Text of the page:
How Heartbreak Changed My Life: Part 2
**The following blog series is told in brief from my perspective, and only my perspective. Any names that may be used have been changed. **
I knew I wouldn't like my boss from the second I met him. My discernment is a prayed for and practiced gift. I remember letting out a sigh to myself after he called out “Ms. Marshall?” I had JUST stepped into the Douala airport, a hot and slightly confusing place, after almost 24 hours of travel. I extended my hand towards him. He shook it and pointed to my nose stating “ You know you’ll have to take that out right?” He was pointing to my tiny nose ring. We’re 5 minutes into this and he’s already proving my gut right. I didn’t answer. Anyway, I asked to call my anxiously waiting parents to let them know I had arrived. I spoke to them briefly and told them that I’d call them again once I settled in a bit. We drove to my housing. Along the way, we made small talk and I gazed at all of the beautiful greenery and people in the various neighborhoods. Some parts along the way reminded me of Jamaica or Trinidad. We pulled off of the paved road onto a bumpy, dirt road. He had to swerve to miss tire-swallowing craters in the ground. The people walking looked into the car as they avoided the car’s direct path. Could be genuine curiosity. Or that we were in a Benz. When we approached the front gate of the house he honked, and it opened. A young woman with a skirt, blazer, and heels smiled and closed the gate behind us after we drove in. The young woman would be my roommate. I was led upstairs to a simple but spacious room in a relatively sizable house. I was then informed that a welcome dinner would be happening and that I should change. A little later, I put on the least wrinkled thing unrolled from my donated suitcase and went downstairs. My boss and a few of his friends were in the dining room that was decorated with children's’ drawings and photos of Black American and African leaders. It turned out that the home I was living in was the old facility of the academy I would be teaching in. I sat down to a table to full of food, while my roommate was going back and forth putting dishes and utensils on the table. I hoped the scurrying and heels weren’t for me. As I reached for different foods, the others at the table explained what each dish was. I was introduced to ndole, eru, pounded fufu, miondo, and more. I received a collective warning when I took a large spoonful of what I thought was sauce to go over my rice. It was pepper sauce, considered to be very spicy. I poured a tiny bit onto my plate and dipped my roasted fish in it to taste. I HAVE NEVER FELT SUCH FIRE. I tried to play it cool, but I’m pretty sure the stream of tears gave me away. It’s okay though, I recovered.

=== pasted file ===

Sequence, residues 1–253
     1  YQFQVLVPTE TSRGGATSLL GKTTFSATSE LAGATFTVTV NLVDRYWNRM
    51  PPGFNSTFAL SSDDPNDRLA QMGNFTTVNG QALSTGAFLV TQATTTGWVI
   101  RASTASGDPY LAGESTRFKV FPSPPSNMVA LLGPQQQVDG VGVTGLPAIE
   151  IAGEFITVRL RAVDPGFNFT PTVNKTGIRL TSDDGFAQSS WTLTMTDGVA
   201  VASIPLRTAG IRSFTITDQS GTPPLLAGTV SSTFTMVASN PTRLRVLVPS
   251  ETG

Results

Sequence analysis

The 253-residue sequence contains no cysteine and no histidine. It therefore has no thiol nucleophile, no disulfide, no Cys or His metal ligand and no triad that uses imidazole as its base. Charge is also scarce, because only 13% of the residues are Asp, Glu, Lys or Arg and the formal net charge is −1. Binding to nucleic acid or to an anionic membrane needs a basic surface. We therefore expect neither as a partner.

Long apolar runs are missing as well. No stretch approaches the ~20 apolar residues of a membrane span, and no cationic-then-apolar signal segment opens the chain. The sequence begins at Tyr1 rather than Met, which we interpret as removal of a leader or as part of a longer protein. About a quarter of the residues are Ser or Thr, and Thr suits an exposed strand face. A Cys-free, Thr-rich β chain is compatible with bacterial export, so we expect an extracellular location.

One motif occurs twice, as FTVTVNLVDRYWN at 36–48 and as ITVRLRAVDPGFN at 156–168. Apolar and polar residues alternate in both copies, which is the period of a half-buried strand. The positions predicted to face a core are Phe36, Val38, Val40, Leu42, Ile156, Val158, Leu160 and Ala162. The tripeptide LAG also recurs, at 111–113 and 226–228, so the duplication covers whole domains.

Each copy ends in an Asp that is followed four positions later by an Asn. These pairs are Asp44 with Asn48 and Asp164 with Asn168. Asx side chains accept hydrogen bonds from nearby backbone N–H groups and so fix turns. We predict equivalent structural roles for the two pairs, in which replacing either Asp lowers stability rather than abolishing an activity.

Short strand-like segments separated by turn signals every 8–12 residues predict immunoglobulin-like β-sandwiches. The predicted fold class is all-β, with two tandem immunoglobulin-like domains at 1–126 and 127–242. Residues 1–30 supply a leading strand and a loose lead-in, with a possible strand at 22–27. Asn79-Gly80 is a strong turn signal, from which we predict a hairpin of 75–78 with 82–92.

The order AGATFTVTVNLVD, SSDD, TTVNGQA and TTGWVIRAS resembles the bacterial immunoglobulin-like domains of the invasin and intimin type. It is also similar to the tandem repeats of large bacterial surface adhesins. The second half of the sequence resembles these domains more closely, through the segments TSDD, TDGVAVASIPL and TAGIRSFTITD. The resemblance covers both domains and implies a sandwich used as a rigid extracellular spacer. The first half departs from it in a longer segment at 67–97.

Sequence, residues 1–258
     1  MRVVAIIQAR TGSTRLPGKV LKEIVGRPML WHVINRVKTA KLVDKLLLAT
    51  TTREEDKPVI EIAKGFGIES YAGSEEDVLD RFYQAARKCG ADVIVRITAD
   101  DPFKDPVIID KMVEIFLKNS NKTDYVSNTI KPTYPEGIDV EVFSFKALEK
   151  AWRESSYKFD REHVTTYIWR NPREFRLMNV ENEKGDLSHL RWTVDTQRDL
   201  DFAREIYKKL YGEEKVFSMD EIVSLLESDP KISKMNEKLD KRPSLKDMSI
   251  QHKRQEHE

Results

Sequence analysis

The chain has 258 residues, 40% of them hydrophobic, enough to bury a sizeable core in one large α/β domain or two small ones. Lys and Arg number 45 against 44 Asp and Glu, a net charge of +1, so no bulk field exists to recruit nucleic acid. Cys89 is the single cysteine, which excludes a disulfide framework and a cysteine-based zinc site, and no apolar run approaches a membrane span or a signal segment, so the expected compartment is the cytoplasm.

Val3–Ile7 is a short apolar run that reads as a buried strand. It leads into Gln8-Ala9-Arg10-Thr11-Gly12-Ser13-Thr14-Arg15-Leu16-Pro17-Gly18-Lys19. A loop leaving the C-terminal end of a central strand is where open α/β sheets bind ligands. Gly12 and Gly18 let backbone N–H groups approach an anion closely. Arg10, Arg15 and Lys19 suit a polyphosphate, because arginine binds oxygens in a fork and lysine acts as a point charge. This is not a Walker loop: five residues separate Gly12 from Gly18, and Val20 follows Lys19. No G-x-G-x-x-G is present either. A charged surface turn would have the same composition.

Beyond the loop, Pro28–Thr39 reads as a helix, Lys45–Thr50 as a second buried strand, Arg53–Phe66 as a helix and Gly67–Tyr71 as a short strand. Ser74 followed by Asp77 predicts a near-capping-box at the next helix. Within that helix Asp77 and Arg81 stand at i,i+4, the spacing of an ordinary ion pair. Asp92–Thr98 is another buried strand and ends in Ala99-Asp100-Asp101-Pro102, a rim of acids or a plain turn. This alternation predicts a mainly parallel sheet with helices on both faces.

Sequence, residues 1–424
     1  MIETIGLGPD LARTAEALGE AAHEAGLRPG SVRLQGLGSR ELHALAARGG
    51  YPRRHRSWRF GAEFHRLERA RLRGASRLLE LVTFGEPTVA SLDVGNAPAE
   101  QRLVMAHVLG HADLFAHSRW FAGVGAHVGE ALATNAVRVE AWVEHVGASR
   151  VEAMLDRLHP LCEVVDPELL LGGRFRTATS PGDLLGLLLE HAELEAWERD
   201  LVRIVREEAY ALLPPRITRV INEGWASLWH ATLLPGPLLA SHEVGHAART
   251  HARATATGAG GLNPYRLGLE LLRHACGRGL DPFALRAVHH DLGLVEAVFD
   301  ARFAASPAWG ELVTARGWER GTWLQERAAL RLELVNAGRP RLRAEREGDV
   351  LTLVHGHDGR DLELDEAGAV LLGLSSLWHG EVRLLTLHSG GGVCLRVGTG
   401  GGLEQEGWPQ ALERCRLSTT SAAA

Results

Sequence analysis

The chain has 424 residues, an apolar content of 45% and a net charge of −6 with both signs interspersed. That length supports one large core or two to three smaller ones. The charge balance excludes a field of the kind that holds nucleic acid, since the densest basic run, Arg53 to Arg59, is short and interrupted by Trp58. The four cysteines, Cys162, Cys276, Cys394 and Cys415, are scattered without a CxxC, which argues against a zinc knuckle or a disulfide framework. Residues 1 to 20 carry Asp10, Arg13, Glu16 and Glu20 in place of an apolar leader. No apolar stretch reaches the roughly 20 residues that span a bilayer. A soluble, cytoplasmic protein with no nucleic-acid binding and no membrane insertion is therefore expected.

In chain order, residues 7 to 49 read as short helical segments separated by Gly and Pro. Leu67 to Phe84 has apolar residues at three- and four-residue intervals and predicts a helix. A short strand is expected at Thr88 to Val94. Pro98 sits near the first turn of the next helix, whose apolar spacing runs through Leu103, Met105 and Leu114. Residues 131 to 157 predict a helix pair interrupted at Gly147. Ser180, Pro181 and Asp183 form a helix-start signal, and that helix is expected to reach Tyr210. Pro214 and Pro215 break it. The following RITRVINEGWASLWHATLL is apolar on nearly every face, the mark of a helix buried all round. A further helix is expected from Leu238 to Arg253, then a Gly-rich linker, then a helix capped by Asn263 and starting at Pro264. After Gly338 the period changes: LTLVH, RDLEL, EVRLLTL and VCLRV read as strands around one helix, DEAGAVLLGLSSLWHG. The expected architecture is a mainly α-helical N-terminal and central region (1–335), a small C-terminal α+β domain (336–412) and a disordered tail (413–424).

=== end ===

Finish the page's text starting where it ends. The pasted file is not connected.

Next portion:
Much of the conversation around the table was geared towards learning about who I was and what I could expect from living in Douala. As we were finishing the meal, my boss said were were going to his friend’s house. Honestly, I was not interested in meeting anyone else that day. I felt like he wanted to parade his new American for his friends to see. I never saw any of the people from that day again. Alas, he and I, along with my roommate, got into the car and drove out of Bonaberi into another part of the city. The people we met were nice. I refused the food they offered ( we JUST finished eating), but accepted something to drink. You do NOT go into someone’s home and not accept SOMETHING. It’s… “unAfrican”. Ha!
If you have ever been on a long flight or changed time zones, you know that jet lag can be rough. While I was at these folks’ house, I started to get really sleepy. I was dozing off while my boss and his friends were trading stories about….who knows. I asked to excuse myself and wait in the car until they were done. Sleep hit me again as I sat in the car. I shifted slightly as I heard the car doors open and close. I jumped up, startled, when my boss’ arm grazed across my breasts as he was reaching for my seatbelt. I snatched it from him and stared into his eyes as I buckled my seatbelt. Neither of us spoke a word. I was asleep, not unconscious. He never tried anything like that after that incident, but it did not stop him from being a horrible boss. It’s interesting that he could not open his mouth to tell me to buckle up, but had no problem telling me about my existence and saying blatantly mean things to and about me. More on that later.
The first week in Douala included meeting my students, getting lost, a proposition for marriage, an argument with a taxi driver, paying too much for things, trying to adjust to the heat, and trying to learn enough French to get me to and from work. I was not provided an escort or much assistance in transitioning into the city or the culture, so I dove in and, after some bumps, lots of questions, and confusion, started to get the swing of things. This was my new home, and I wanted to get the most out of it.
Sexy people rock.